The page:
The Graying of the West

  A presidential commission on the future of Social Security recently recommended allowing workers to invest part of their contributions in the stock market. There was one fix, however, the distinguished panel didn't recommend, because it couldn't. Yet it's the one fix that would make a real difference: that is, encouraging more children. For the last half century, Western industrialized nations have made slowing population growth one of their top priorities, both at home and abroad. The message took, to the point that now we're asking, "Where have all the children gone?" We're in the midst of what Nicholas Eberstadt, in a recent issue of Foreign Policy magazine, calls a "global baby bust" whose affects are most keenly felt in Western industrialized countries. In European countries, the average women is reproducing at barely half the rate needed to replace herself and her husband. And it's worse in Japan. This "birth dearth" is accompanied by the "graying" of the population. Median ages in the industrialized West are steadily rising. For instance, within twenty-five years, more than one-fifth of Japan's population will be over 70. And there will be more people over 75 than under 15. Europe faces a similar situation, that's already placing a strain on its social welfare and retirement systems. That's because, as with Social Security and Medicare in this country, benefits for current retirees are financed by taxes paid by current workers. There's no trust fund. It's a pay-as-you-go system. Fewer young workers, coupled with an aging population, leaves these relatively homogenous countries with a difficult choice: either cut back on benefits or admit more immigrants. The United States isn't as far along this path as Europe and East Asia, but we're headed that way. The media has focused attention on the impact of the Baby Boomers reaching retirement age, but that's only part of the problem. Each year there are fewer workers supporting each retiree. Not too long ago, there were four Americans of working age for each retiree. By 2020, there will be two. If it weren't for today's high rates of immigration, the U.S. would be facing an even worse scenario. But even with immigration, we need to make some difficult choices if we're to assure our system's viability. "Where did all the workers go?" you ask. They're the children we aborted, or the ones we didn't have because they didn't fit into our lifestyle. They're the children we didn't have because we were too busy with our careers. They're the brothers and sisters a nation of only-children will never know. And, to paraphrase Tennessee Williams, they're why Americans will find themselves dependent on "the kindness of strangers" in their old age. We bought into a worldview that frowned on childbirth, that ignored God's word to Abraham that his descendants would be as many as the stars. It was considered an act of environmental vandalism, or denial of a woman's potential to have children. Some Americans thought nothing of scolding pregnant women who already had two kids. And the birth dearth is the result. In the end, it turns out, that the best investment for our future is the one the Bible prescribes: investing in those who call us "Mom and Dad."   For further reading: Eberstadt, Nicholas, "The Population Implosion," Foreign Policy Magazine, March-April 2001. [Also see further resources linked at the end of the article.]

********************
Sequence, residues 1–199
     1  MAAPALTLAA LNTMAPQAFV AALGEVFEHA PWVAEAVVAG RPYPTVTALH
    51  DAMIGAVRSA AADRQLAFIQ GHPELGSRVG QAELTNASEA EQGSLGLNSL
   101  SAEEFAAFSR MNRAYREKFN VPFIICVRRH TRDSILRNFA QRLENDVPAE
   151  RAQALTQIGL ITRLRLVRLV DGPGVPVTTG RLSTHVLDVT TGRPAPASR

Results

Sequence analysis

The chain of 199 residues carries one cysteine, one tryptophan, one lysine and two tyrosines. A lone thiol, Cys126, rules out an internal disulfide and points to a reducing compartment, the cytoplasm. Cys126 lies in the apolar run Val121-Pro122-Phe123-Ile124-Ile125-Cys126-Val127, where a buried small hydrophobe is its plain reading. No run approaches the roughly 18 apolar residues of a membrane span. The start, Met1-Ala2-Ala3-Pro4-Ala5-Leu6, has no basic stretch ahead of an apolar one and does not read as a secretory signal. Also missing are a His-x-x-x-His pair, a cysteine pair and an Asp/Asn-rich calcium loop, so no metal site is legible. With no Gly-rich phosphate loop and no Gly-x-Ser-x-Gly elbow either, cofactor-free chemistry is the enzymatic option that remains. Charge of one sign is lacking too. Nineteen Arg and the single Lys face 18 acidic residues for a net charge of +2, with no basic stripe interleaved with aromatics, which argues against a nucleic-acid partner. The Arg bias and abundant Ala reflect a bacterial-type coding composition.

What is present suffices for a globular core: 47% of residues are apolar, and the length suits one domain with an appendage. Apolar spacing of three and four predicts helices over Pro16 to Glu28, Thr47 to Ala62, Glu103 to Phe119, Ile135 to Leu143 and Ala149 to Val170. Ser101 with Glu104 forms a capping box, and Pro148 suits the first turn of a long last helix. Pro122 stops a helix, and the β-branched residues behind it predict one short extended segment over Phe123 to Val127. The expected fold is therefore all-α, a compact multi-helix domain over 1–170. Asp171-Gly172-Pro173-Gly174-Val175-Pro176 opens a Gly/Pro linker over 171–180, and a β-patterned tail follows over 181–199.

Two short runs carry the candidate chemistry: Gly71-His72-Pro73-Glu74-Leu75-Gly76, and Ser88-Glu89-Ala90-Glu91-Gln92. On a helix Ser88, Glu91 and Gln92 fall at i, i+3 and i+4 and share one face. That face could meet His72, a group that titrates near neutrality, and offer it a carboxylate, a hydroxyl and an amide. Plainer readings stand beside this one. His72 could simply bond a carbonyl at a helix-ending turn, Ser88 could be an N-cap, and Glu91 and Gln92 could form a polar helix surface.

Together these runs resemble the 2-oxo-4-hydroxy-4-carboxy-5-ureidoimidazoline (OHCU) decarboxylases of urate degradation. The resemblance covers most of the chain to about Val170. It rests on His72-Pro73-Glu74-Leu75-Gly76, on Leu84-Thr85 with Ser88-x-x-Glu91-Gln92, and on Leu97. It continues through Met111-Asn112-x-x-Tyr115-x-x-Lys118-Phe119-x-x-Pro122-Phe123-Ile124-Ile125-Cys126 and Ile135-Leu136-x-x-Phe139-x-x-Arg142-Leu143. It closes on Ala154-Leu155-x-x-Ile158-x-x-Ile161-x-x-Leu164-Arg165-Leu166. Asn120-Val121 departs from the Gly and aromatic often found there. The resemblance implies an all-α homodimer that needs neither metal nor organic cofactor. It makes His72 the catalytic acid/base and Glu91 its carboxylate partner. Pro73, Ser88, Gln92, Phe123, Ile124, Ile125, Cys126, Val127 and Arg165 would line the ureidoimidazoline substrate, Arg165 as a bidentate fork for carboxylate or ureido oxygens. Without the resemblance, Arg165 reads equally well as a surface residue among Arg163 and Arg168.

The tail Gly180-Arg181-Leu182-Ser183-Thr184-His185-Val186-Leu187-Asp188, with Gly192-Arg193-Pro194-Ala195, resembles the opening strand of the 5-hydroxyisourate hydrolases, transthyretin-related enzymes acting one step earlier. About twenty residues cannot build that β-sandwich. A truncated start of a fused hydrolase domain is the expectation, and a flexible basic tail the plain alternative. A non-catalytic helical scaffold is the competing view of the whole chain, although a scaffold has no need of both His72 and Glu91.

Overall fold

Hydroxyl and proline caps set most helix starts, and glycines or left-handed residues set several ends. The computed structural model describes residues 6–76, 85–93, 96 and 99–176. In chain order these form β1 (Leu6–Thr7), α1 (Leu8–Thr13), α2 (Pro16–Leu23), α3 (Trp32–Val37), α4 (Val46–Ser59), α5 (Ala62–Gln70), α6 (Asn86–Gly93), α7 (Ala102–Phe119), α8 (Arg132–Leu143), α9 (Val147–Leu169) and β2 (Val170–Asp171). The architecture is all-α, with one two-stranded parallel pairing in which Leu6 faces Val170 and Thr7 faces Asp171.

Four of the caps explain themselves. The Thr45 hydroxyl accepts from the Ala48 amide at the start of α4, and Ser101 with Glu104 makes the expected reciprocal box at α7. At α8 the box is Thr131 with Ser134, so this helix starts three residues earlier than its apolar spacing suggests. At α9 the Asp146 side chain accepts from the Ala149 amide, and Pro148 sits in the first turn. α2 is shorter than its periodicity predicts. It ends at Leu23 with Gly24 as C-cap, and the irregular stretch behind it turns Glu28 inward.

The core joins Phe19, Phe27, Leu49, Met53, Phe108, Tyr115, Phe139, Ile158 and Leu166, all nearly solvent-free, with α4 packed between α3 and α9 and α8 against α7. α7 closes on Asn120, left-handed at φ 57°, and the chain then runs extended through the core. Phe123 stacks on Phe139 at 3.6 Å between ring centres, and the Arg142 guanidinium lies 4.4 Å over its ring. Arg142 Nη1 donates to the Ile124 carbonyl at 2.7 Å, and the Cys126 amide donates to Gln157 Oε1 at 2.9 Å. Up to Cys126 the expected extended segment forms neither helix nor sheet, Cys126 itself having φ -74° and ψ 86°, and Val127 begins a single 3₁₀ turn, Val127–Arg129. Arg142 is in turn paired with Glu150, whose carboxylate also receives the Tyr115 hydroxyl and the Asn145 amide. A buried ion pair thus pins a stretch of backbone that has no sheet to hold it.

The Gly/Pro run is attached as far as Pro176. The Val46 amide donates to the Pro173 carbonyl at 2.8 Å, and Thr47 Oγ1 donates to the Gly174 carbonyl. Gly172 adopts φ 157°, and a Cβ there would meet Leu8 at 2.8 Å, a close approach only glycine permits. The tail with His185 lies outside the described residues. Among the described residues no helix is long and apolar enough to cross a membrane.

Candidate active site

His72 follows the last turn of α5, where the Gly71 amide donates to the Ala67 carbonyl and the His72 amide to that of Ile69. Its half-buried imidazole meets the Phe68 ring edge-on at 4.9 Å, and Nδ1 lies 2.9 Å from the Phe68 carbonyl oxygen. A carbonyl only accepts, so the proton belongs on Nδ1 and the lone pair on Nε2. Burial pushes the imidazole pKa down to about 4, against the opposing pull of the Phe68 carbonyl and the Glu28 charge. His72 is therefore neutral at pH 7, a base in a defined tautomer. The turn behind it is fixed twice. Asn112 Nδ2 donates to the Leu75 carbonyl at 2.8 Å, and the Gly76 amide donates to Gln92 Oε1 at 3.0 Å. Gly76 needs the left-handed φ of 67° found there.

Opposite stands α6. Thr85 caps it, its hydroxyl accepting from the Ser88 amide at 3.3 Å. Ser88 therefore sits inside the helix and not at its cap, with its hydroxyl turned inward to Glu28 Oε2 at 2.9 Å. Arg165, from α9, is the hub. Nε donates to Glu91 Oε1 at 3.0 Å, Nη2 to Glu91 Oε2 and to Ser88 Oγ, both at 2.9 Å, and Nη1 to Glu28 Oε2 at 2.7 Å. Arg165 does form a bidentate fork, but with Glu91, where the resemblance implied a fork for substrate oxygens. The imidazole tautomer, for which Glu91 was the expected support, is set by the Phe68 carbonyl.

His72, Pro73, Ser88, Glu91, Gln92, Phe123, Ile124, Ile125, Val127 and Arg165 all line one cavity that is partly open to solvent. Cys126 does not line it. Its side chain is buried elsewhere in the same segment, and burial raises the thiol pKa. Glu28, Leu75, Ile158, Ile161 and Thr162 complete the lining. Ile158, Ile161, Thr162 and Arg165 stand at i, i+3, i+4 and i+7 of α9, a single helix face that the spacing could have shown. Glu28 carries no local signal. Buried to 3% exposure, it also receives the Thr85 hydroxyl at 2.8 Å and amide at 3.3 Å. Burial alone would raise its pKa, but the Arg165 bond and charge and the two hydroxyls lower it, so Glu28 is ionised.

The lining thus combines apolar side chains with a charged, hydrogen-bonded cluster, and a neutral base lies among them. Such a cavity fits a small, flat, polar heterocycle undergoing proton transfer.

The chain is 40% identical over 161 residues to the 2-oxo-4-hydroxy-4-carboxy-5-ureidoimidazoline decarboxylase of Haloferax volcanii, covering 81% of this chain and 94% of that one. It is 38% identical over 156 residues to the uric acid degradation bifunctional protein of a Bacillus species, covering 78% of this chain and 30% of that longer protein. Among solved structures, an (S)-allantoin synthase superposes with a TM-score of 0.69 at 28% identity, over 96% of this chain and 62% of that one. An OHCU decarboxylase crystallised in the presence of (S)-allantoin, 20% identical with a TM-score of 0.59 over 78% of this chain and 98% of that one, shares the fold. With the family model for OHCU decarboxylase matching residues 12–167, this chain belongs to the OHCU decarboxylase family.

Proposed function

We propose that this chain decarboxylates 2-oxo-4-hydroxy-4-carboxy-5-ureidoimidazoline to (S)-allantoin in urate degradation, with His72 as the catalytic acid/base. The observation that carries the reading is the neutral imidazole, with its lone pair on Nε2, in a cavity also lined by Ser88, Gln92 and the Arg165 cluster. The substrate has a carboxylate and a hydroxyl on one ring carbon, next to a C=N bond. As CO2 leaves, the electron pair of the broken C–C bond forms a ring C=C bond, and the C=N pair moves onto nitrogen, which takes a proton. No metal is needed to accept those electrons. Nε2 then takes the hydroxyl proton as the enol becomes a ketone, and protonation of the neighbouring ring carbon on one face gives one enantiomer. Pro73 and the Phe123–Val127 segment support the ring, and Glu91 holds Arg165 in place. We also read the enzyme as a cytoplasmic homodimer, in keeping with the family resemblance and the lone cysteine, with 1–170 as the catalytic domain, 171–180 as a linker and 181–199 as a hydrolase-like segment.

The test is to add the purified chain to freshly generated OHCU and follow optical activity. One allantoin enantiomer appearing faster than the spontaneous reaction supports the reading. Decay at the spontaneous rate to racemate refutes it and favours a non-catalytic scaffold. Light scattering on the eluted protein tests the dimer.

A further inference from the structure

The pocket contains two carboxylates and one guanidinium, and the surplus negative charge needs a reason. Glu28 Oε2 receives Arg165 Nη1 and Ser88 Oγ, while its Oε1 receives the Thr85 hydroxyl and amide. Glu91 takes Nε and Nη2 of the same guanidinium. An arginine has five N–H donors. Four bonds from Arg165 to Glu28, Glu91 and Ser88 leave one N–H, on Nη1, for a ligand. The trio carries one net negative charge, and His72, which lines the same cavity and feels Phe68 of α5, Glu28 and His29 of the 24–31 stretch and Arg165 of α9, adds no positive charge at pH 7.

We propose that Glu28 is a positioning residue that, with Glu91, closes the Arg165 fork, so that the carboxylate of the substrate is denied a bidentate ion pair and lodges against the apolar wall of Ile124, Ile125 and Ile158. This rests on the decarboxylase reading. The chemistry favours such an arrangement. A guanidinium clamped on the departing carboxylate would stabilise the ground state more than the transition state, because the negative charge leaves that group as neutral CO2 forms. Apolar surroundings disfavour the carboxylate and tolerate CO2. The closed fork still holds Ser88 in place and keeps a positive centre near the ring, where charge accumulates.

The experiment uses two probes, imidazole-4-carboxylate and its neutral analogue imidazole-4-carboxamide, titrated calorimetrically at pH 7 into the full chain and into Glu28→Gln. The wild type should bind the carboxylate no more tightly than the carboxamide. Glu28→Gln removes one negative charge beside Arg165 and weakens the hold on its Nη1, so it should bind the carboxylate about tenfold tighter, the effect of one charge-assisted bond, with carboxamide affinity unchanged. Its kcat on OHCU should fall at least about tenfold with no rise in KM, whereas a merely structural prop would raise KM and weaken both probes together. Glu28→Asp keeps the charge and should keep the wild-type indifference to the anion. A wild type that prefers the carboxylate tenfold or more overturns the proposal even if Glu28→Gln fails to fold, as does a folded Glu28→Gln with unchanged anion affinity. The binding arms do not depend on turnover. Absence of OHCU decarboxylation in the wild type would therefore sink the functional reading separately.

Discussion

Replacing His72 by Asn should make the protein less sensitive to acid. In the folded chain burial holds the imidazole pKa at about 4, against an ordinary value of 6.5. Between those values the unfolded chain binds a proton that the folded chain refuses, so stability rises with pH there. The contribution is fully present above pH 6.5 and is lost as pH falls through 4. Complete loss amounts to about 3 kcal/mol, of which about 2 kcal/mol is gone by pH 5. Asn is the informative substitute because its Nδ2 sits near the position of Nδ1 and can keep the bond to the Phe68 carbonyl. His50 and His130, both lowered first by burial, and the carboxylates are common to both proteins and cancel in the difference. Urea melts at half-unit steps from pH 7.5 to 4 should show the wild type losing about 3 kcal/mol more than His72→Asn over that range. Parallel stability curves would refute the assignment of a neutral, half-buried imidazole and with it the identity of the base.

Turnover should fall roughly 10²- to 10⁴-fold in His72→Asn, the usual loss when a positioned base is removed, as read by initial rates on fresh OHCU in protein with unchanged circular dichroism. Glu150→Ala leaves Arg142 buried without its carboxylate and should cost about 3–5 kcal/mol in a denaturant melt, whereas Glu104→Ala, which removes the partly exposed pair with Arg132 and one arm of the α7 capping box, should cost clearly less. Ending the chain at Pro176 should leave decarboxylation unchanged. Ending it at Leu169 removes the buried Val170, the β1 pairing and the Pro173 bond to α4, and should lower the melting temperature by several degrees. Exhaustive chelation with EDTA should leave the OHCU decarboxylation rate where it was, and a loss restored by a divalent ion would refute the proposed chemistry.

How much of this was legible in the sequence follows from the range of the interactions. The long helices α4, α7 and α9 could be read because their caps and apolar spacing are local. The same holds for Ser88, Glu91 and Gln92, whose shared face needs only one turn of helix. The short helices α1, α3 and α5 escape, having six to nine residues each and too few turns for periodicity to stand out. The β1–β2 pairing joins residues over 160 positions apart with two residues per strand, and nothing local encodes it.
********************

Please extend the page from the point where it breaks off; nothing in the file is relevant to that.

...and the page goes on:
Chuck Colson



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